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8 15/16 x 5 13/16 in. (22.7 x 14.7 cm)
Giovanni Battista Tiepolo
(1696 - 1770)
Medium and Support:
Brown (iron gall) ink and brown wash on whitened, thin laid paper
Gift of Dr. and Mrs. James H. Lockhart, Jr.
Location: Not currently on view
By comically exaggerating or distorting physical features, artists create caricatures for the express purpose of satirizing or ridiculing their subjects. Caricatures can be insulting or complimentary; during the 1700s, the caricature became connected with journalism and was used extensively in the political arena.
Although known primarily for his superb paintings, Tiepolo was also a prolific draftsman who created enough caricatures to fill three albums. In this drawing, the artist represents his subject, surely a well-known Venetian nobleman, with humor although not with kindness. The combination of smooth pen lines with subtle wash shading emphasizes the figure’s pronounced hunchback, long spindly legs, large nose, and excessively high forehead. A very short shadow that defines the ground on which he stands rescues him from floating aimlessly in the blank space of the paper.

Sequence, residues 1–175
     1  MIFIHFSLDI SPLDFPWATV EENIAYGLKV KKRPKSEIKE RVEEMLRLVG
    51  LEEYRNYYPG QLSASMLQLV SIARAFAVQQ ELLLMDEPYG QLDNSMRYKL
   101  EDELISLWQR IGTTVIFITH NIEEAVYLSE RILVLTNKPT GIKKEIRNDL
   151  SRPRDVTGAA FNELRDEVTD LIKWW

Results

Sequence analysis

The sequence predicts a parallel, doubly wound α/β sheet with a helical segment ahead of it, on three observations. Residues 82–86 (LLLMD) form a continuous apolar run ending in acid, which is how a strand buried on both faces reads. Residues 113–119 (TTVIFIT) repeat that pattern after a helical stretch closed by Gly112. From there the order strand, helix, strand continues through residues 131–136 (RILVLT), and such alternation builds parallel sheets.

[Label text from It Came From the Vault exhibition, 2013]